There was a point this season when Washington Capitals coach Barry Trotz started to notice the makeup of his bench changing. The Capitals' bench was a very excitable group in the early portion of the season, one that tended to overreact to the natural ebbs and flows of a regular-season hockey game.
In his words, the Capitals' bench was “a little bit emotionally impaired.”
That started to change around January. With Washington playing on a national stage in the Winter Classic, Trotz saw a calm on his bench that hadn’t existed previously. The Capitals beat the Blackhawks on a power-play goal from Troy Brouwer with 12.9 seconds left.
Colleague Scott Burnside called it a potential turning point for the Capitals, and in a lot of ways it was.
The Capitals started beating division rivals consistently. They took the ups and downs of the games as they came, and Trotz saw a team maturing into one that could handle the wild swings of the regular season and not let them throw its confidence out of whack. That wasn’t always the case in Washington.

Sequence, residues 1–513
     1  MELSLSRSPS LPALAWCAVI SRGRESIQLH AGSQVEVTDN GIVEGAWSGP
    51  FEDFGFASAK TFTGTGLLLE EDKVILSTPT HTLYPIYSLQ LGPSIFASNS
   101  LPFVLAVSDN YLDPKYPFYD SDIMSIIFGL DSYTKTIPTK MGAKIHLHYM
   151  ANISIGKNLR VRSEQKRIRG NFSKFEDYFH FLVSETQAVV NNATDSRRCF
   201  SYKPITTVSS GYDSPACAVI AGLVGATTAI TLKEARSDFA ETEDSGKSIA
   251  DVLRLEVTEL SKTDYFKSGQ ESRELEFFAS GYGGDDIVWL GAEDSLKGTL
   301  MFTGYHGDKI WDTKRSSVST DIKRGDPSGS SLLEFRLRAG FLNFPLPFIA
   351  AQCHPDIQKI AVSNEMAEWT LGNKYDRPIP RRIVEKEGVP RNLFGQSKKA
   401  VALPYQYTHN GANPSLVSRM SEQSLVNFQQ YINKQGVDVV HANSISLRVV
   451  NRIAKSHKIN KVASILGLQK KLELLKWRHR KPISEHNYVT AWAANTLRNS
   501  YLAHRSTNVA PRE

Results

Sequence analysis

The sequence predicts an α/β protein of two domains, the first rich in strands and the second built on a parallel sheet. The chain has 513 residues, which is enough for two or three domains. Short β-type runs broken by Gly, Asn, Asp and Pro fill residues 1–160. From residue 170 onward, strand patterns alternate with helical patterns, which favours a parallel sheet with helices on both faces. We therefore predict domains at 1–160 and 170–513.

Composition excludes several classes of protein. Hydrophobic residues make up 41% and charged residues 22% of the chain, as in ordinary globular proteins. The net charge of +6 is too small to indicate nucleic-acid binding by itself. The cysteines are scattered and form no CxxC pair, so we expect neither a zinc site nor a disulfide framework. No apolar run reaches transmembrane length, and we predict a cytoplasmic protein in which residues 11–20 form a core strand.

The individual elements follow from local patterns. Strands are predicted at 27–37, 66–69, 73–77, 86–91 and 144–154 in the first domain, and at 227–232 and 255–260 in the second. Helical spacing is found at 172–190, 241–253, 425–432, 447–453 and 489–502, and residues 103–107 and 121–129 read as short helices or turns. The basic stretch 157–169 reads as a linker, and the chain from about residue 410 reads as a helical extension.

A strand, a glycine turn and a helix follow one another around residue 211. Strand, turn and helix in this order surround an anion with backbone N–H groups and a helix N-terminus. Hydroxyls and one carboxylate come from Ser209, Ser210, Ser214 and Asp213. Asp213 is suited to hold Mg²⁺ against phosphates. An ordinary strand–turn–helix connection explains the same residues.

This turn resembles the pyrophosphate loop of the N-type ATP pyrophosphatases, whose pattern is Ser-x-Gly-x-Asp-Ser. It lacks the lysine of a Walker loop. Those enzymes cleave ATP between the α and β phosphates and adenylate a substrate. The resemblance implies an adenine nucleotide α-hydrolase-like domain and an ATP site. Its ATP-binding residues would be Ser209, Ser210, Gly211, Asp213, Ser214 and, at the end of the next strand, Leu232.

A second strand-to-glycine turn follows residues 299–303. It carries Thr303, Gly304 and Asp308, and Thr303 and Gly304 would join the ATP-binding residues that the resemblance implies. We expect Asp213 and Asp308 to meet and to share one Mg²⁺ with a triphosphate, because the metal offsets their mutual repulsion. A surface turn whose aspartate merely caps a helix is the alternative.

“We couldn’t deal with the moment. Now we deal with the moment,” Trotz said following Sunday’s win over the Red Wings. “We understand there’s going to be peaks and valleys in every game; there’s too many good teams in this league. How you deal with those moments are critical to how you’re going to have success.”
It’s a development with the Capitals that is impossible to measure. Just like the feeling that used to surround Washington that something was off. You couldn’t pinpoint it, but you knew it was there.